Ask about Their Lived Experiences
For many Asian American parents and grandparents, views on cultures different than their own were shaped by their experiences in their home countries. Try to understand the conditions they grew up in and how they still carry them. There may be trauma informing their opinions and fears. The effects of distress in their past may even be intensified because of current national and international traumas we’re witnessing and experiencing — including an unfortunate rise in hate crimes against Asian Americans and the AAPI community since the pandemic began in 2020.
We all have a story, and that narrative is what shapes us. Stay curious and let them tell theirs. That’s where healing can begin for individuals and families — with listening and understanding.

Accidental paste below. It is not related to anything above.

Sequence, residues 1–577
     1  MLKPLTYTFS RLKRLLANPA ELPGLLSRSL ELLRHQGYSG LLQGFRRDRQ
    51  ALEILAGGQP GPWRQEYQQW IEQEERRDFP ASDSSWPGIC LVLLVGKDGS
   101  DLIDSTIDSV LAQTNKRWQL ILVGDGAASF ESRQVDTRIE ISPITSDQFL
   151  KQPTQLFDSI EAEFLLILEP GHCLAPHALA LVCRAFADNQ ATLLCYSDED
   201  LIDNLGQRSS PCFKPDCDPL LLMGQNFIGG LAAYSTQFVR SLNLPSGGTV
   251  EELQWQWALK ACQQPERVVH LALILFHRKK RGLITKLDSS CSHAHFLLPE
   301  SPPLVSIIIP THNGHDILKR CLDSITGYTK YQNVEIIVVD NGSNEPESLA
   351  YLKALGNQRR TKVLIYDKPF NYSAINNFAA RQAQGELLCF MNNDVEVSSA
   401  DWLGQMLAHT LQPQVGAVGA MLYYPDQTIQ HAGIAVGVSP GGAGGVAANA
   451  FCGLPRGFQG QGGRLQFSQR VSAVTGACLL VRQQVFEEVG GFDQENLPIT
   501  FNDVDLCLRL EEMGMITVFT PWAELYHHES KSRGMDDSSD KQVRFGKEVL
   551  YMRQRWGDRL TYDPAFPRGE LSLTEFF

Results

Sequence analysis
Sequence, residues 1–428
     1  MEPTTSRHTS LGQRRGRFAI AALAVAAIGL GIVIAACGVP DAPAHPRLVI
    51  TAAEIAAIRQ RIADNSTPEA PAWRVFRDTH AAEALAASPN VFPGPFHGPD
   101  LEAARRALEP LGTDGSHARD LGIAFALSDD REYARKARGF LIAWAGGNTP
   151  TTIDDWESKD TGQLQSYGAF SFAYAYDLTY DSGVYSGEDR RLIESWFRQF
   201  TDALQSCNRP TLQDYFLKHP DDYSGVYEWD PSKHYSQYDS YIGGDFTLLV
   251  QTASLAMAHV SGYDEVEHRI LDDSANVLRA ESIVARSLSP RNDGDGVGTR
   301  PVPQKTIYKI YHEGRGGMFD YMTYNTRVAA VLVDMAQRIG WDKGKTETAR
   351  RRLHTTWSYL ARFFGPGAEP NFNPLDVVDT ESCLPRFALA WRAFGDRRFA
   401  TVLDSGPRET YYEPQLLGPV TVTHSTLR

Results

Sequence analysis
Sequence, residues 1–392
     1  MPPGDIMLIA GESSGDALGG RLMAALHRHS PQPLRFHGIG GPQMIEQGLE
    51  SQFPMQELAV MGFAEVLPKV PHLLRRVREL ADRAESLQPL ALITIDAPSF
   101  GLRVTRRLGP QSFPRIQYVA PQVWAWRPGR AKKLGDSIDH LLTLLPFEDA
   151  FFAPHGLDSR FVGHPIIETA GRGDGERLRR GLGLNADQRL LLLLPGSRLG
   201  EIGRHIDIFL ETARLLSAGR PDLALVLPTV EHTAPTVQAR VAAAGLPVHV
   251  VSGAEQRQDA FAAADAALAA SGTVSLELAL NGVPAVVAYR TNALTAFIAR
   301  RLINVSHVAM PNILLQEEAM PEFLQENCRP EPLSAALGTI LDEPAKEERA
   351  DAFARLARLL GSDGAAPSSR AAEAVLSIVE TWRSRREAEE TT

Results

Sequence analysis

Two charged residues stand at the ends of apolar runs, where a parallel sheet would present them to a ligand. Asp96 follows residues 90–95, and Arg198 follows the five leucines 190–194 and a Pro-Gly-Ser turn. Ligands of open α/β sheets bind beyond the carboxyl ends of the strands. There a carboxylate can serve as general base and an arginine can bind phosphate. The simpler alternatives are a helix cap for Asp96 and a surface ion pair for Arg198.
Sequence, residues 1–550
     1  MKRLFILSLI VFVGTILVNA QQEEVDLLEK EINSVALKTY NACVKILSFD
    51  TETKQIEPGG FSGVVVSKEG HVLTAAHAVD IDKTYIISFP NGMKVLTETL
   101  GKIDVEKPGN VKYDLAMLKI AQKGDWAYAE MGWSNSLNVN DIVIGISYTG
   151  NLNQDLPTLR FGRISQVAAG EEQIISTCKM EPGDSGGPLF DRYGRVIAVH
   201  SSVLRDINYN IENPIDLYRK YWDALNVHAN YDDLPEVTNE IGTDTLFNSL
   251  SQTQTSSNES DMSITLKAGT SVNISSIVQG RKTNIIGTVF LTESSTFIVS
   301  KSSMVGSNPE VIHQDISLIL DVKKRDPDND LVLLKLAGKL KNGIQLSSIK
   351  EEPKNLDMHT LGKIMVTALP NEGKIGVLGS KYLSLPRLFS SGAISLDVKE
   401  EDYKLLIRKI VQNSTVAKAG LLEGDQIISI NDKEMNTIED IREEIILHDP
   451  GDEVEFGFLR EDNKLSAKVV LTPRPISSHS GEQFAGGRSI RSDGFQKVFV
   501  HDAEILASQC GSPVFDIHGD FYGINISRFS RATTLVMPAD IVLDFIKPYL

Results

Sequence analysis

Speak Personally and Empathetically
Your family members care about you, so tell them why supporting diversity, learning about racism, being inclusive and talking about these topics together to bridge the generational gap is so important to you. Let them know you care about them as much as they care about you — that you want to see your family healthy in body, mind and spirit.
Care You Can Trust Across Cultures
As a CastCareSM Member, we want you to know that we can help you find a primary care physician who can provide world-class care to you and your family. AdventHealth CastCareSM aims to honor all cultures, respect all wishes and strive to meet all needs.
You deserve to feel whole. If you need help finding a primary care physician, call the Member Experience Center at 855-747-7476.